You are here: Home - disabled


Tag Archives: disabled

My Heart On My Sleeve: The 10 Year Anniversary

My Heart On My Sleeve: The 10 Year Anniversary 

Polaroids I took three months before the accident

Polaroids I took three months before the accident

In seventeen days, I’ll have been in a wheelchair half of my life. I knew it was coming when I turned twenty a couple months ago, but now it’s slowly starting to sink in. I think I was sixteen when I first realized that in a few short years I would clock in more time rolling than walking, and just the very idea really scared me. In reality, it’s just a number. What does it matter if I’m running or pushing, as long as I’m moving forward? But it does matter to me, because the piece of me that used to be able bodied and “normal” seems to be drifting further and further away with each passing year. This post is going to be pretty hard for me to write, but I recently attended a workshop where an author dared us to write down whatever we feel we absolutely cannot say, so that is what I’ll try to do here.

People often ask me if I remember what it was like to walk, to not have a disability. To be completely honest I don’t think I do. It’s one of those ‘you never truly appreciate something until it’s gone” kind of moments. I remember loving to play basketball at the Y with my friends. I remember going to the beach and my biggest worry being, “what if someone knocks our sandcastle down!” instead of worrying about being abandon by friends and stuck in the sand. I don’t remember what it was like to run up a flight of stairs, or put one front in front of the other and simply walk, but I do remember the joy I felt jumping up and down on my first “big kid” bed, and how happy I was to stand on a swing and feel like I was flying to the moon.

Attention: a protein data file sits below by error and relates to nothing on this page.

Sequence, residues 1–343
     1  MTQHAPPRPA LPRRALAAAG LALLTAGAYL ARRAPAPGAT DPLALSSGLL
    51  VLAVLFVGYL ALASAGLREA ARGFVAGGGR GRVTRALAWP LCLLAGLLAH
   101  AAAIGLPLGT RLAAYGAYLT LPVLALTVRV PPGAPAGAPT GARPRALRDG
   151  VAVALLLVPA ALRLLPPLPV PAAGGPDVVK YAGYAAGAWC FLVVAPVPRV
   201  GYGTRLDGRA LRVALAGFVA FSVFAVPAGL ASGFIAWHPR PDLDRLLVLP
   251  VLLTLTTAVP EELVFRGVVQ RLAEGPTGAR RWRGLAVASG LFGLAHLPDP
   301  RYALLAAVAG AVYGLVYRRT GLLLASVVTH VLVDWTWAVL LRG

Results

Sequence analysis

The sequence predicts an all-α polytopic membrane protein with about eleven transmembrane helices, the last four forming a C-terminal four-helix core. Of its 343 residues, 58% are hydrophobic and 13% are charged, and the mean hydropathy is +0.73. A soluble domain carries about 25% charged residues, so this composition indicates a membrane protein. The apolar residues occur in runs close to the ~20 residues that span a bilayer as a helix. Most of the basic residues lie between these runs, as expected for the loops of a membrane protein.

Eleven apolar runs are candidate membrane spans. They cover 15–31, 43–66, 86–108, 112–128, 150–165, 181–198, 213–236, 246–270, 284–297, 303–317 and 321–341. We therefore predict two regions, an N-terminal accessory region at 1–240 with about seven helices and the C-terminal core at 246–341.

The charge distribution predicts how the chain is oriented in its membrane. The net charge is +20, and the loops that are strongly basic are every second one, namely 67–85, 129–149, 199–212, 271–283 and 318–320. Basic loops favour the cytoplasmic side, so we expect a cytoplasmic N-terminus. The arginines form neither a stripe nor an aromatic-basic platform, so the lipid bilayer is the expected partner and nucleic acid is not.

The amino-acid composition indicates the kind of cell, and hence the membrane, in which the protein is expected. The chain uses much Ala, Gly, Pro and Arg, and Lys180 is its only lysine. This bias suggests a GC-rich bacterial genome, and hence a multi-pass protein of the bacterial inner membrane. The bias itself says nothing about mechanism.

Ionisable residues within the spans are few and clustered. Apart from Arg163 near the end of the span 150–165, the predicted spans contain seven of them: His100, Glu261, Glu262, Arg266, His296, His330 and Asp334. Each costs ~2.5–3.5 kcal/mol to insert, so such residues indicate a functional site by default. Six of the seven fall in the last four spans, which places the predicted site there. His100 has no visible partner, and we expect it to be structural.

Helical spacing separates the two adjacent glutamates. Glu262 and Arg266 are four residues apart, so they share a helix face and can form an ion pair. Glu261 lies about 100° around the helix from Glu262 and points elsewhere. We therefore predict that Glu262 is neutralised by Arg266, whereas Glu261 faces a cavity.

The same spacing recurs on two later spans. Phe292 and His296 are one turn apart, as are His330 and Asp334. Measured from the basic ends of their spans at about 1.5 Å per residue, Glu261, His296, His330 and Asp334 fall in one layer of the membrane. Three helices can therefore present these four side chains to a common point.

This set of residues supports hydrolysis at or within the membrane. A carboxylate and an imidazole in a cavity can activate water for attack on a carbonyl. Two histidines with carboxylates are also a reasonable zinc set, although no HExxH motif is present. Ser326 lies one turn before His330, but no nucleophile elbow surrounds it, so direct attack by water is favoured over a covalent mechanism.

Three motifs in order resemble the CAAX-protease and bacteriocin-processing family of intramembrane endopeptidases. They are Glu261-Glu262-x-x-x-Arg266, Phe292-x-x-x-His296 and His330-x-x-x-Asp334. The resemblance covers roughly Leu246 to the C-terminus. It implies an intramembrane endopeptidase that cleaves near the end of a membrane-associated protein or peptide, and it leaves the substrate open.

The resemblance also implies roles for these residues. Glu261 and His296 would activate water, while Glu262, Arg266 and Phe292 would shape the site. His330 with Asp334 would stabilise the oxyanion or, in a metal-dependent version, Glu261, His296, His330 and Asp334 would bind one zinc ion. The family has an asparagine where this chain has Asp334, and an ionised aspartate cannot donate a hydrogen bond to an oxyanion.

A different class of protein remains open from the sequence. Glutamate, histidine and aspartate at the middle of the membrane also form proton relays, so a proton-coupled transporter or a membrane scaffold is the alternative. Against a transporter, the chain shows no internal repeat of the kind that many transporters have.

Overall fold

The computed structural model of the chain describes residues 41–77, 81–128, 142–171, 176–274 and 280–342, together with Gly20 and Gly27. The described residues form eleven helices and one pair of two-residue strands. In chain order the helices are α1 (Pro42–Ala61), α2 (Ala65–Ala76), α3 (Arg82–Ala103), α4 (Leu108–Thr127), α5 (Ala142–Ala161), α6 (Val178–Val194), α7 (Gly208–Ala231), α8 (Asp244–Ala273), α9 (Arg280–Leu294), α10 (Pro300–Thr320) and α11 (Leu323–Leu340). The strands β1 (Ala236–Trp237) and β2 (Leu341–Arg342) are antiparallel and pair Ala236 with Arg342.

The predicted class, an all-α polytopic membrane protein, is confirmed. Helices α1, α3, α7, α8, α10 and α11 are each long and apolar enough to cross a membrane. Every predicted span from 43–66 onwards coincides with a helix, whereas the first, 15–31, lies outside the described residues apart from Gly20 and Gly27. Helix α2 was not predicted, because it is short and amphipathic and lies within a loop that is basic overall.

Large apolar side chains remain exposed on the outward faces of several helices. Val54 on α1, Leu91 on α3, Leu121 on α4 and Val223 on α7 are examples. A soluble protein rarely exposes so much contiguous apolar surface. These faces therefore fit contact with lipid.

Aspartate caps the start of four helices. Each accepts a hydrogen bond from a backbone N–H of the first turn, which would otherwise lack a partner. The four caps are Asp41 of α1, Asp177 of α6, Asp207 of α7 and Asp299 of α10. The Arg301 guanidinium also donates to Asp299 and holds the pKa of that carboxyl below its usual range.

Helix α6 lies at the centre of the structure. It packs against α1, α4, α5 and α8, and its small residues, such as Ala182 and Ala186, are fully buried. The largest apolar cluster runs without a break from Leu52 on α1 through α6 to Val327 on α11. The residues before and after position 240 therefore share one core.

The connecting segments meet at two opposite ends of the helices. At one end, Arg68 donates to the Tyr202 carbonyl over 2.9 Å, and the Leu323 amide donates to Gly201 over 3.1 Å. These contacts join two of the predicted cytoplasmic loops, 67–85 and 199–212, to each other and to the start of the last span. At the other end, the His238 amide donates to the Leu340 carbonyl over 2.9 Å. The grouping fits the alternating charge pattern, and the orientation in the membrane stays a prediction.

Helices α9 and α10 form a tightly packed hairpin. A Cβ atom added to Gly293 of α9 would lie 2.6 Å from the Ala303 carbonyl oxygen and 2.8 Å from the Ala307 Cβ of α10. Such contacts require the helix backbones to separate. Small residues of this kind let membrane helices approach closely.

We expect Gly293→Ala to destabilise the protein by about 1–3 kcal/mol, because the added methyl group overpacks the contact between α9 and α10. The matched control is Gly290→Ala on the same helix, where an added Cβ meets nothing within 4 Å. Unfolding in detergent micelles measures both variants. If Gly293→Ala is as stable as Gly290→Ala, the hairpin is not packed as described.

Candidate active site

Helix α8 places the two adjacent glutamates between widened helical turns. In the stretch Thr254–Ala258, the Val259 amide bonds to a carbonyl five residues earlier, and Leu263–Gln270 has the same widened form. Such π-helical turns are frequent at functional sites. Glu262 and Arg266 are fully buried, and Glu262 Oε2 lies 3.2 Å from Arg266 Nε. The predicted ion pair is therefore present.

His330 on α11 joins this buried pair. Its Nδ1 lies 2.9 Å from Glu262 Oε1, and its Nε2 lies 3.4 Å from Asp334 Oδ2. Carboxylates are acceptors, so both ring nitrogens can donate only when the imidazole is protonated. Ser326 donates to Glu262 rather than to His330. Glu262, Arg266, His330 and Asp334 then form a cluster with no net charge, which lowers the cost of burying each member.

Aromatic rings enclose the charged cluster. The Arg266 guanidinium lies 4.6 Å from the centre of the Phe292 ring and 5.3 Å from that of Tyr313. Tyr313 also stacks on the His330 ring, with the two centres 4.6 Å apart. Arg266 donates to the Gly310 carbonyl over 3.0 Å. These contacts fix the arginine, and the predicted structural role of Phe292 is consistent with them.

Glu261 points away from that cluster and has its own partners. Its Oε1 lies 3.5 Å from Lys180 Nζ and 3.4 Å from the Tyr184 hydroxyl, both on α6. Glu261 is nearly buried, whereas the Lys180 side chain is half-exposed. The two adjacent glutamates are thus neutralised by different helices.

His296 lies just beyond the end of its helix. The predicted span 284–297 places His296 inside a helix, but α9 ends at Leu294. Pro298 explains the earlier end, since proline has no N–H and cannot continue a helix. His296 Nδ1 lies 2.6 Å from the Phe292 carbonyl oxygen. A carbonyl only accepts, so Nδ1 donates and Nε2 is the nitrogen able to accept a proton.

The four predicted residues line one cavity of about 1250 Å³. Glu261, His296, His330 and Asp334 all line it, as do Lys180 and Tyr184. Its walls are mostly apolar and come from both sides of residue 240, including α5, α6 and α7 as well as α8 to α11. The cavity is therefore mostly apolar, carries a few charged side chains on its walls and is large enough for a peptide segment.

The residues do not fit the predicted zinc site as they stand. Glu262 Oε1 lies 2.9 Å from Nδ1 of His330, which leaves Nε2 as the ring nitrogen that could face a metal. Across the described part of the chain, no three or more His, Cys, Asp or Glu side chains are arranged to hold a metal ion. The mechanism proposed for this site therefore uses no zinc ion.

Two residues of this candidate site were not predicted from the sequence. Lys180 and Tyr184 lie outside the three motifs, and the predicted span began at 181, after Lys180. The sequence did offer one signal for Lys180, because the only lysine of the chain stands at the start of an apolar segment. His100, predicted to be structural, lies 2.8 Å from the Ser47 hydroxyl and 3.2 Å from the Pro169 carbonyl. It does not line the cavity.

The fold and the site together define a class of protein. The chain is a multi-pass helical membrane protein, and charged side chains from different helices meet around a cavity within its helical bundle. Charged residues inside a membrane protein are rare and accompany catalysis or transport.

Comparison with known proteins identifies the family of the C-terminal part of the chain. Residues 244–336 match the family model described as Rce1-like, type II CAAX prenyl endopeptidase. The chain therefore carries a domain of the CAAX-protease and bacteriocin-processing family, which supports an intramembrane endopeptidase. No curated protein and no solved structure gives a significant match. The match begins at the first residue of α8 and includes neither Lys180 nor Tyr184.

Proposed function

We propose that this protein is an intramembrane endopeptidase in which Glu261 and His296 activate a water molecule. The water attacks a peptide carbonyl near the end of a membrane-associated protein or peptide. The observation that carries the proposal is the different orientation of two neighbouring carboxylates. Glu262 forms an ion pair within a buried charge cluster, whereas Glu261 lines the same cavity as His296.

I don’t remember much about my time in the hospital either. I remember an abundance of gifts and friends and family always there, something I was so blessed to have. I remember keeping the tradition with friends from preschool and decorating Christmas cookies in the lobby of the in-patient unit. I remember painting my favorite animal (a manatee) on a ceiling tile with my best friend, and learning to push myself in a hospital chair while it beamed down over me. I remember sneaking out of rehab with my mom and some friends, riding a roller-coaster at some carnival in Miami, and for the first time in weeks feeling as if something was possible. What it was I had no idea, but I knew things were going to get better, and get better they did.

Our manatee ceiling tile

Our manatee ceiling tile

Decorating cookies with friends at the hospital

Decorating cookies with friends at the hospital

I rolled back into my fourth grade classroom forty-four days after I was paralyzed. I wanted to wear my favorite oh-so stylish Hawaiian shirt my first day back, but within the first ten minutes, I sprinted to my mom’s classroom and promptly threw up all my fears down my shirt and into the accessible toilet. I cleaned up and went home, but was ready to try again the next morning. I’m very lucky to have had so many awesome friends who saw me in the same light both before and after the accident. From then on the transition was so smooth. All my P.E and dance teachers were completely inclusive, and with the help of some very special people, the following spring I was able to walk across stage (wearing leg braces) and receive my fifth grade diploma. Life was definitely different, I absolutely hated the shots I had to take every morning (not the fun college kind), it took me twice as long to shower and go to the bathroom than it used to, transferring in and out of cars was a bitch, and most days during recess I preferred playing chess inside rather than watching everyone else champion the monkey bars, something that used to be one of my proudest attributes. But life was still really good. I went on field trips, had sleepovers, took the special “fifth graders only” pottery class, when to states with my Odyssey of the Mind team, I was one busy and very satisfied kid.

First basketball team!

First basketball team!

On the monkey bars in third grade

On the monkey bars in third grade